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Cancer Biol Ther. 2005 Sep;4(9):961-7. Epub 2005 Sep 13.

RNA interference (RNAi) for extracellular signal-regulated kinase 1 (ERK1) alone is sufficient to suppress cell viability in ovarian cancer cells.

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Department of Pediatrics, Wells Center for Pediatric Research, Indiana University School of Medicine, Indianapolis, Indiana, USA.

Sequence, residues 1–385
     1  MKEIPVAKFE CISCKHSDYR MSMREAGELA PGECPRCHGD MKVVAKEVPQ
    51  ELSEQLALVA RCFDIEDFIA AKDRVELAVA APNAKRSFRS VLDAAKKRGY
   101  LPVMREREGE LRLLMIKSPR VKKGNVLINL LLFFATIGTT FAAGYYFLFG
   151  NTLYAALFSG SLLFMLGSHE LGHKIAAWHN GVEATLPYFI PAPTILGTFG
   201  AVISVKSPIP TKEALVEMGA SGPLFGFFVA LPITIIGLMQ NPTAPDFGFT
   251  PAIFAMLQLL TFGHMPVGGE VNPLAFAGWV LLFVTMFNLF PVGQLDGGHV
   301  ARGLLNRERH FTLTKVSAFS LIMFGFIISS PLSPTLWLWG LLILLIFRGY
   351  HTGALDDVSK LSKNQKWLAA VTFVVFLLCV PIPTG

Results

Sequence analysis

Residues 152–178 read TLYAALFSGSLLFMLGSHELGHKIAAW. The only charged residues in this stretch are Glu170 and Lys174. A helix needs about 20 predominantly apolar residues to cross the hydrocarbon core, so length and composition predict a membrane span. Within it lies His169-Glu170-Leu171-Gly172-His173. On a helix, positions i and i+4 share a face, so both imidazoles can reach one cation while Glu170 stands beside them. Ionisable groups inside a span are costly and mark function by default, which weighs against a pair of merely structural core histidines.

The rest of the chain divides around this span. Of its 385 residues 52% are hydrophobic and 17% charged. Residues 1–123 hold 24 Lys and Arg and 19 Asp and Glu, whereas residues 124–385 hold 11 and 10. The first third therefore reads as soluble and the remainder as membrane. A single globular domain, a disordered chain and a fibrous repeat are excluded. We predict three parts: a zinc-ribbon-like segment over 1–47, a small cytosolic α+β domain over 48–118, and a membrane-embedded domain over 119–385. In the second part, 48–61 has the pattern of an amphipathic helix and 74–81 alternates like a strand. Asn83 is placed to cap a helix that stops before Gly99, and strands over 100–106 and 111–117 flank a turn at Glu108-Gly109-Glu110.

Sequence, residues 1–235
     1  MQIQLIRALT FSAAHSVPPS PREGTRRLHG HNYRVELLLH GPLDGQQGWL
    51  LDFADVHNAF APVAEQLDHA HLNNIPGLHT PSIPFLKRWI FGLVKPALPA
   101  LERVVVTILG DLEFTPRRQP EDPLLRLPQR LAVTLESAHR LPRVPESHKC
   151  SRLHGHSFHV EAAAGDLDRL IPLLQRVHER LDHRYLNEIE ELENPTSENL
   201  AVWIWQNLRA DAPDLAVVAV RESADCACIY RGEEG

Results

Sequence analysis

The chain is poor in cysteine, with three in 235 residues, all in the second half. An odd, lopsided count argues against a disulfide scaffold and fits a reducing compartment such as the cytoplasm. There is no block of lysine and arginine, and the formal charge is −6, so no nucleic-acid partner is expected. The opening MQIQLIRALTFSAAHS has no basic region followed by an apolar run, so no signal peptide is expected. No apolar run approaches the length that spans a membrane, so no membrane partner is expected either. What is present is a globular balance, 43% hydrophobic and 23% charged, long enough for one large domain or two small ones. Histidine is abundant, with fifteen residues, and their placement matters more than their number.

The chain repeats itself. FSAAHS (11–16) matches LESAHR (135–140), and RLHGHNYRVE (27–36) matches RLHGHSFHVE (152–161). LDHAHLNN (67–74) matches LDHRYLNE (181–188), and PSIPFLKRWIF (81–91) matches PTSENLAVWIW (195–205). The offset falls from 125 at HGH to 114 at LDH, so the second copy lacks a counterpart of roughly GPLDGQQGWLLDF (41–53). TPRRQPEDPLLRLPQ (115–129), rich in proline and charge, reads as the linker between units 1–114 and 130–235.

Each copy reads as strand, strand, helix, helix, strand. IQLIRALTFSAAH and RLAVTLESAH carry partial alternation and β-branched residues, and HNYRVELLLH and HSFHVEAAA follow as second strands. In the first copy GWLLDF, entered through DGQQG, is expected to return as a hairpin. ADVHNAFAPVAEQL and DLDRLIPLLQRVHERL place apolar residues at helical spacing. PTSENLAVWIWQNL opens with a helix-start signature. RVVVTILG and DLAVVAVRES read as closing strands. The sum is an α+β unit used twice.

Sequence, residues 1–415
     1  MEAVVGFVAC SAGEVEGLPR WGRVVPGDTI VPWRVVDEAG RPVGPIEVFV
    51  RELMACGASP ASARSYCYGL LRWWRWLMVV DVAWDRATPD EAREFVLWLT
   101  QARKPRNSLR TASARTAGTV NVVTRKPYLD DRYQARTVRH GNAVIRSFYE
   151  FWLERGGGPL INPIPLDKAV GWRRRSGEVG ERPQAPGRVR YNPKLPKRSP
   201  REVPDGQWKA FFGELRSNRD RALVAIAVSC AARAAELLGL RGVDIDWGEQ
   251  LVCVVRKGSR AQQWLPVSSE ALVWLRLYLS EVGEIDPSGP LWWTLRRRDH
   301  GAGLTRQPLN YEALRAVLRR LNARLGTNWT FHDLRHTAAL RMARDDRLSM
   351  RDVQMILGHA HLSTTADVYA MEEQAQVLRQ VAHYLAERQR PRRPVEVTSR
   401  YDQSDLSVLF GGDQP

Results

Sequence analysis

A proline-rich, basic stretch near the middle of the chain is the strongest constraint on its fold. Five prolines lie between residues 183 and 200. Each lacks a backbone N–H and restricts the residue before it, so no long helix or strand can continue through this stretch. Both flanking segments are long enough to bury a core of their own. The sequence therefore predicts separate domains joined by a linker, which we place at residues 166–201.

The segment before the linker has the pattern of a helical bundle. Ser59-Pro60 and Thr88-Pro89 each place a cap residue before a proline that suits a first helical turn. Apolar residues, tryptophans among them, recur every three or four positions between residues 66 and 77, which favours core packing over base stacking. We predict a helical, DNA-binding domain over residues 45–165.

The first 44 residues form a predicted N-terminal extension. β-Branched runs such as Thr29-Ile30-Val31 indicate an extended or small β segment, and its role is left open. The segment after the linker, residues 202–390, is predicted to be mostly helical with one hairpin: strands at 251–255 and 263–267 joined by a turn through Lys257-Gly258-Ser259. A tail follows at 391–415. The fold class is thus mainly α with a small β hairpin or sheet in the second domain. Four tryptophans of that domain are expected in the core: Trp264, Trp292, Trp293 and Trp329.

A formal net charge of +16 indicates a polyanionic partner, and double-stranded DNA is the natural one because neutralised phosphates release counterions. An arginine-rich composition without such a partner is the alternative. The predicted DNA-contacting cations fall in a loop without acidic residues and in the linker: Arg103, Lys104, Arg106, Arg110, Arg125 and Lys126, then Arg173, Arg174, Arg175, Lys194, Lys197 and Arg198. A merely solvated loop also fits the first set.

While ovarian cancer is a leading cause of death in females today, the molecular, genetic, and environmental factors that initiate and support the progression of this disease are still only partially understood. The extracellular signal-regulated kinase (ERK) signaling pathway is a major contributor to cellular growth, differentiation and survival. Recently, we reported that this pathway is constitutively activated in ovarian cancer cells, and that by using RNA interference (RNAi) for ERK1 and ERK2, we were able to significantly suppress the number of viable tumor cells. In the present study, we have further investigated the mechanisms by which RNAi for the ERK kinases decreased viability in these cancer cells. It was determined that treatment of the cancer cells with small inhibitory RNAs (siRNAs) directed against ERK1 and ERK2 leads to the induction of apoptosis and necrosis by four hours following treatment. Additionally, we found that primary, nonmalignant ovarian cells do not respond similarly to ERK siRNA treatment and that these cells fail to die following treatment. Data presented show that ERK2 expression is more difficult to silence, depending upon cell type being examined and that silencing ERK1 expression alone is sufficient to significantly decrease tumor cell viability.

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